I've owned an MC-60A microphone for awhile, I've had it for the last decade
or so, as long as I've had Kenwood radios. My current main radio
is the Kenwood TS2000, and I've had a problem
getting RF feedback into this microphone while running power
on 80. The popular suggestion these days for RFI is to
apply torroids to the cables, and with this MC60, I heaped on
lots of toroids and it never really helped. |
Here's the good news. As of now, I finally have it working perfect. How did I do it? It was all thanks to the Yahoo group 'KENWOODMICS'-- this group has some real microphone experts there, and these guys seem to know more than a human should be allowed to know about Kenwood microphones.
Turns out there are some mis-wired MC-60a's, so if you have problems this is important to check. Mine, though, wasn't one of the mis-wired mikes. I did do some random playing with this and after some testing I stumbled on the fact that grounding the case of the mic stand to the radio ground made the problem go away. I had this funky wire connecting the two together, and it worked good, other than being a little ugly.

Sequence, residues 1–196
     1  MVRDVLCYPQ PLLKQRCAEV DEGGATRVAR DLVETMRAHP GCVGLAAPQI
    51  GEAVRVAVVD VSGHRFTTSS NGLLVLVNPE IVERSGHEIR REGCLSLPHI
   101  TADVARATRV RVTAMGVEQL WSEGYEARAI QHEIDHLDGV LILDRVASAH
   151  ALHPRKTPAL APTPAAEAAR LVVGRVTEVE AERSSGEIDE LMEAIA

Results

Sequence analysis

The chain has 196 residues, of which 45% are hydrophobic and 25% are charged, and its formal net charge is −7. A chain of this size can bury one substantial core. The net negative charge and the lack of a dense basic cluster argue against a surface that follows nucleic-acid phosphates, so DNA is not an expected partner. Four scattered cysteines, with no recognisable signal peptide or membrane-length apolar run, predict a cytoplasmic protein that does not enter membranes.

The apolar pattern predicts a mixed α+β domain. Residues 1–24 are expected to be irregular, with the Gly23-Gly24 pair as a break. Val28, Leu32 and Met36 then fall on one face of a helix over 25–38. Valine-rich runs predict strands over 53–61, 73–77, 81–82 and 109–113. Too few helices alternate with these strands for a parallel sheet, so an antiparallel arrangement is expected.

What someone suggested on the KENWOODMICS group was to connect a pin of the Kenwood microphone jack, inside the base.
> If everything above checks out, try temporarily connecting a short
> jumper from pin 8 at the stand output plug, the male plug that goes to
> the cord to the rig, to the stand case. This should be done inside of
> the stand. See if this solves your RF problem or makes it worse.
These are the exact instructions. What do you know. This, for some weird reason, fixes my microphone RF feedback problems completely. I don't know why, but that's what happened for me. I speculate that maybe there's some kind of connection from the mike stand to the microphone itself, and that this is causing problems at higher power? Honestly, I don't know, but at least it's working now.
If you have any other questions, leave me email at firstname.lastname@example.org.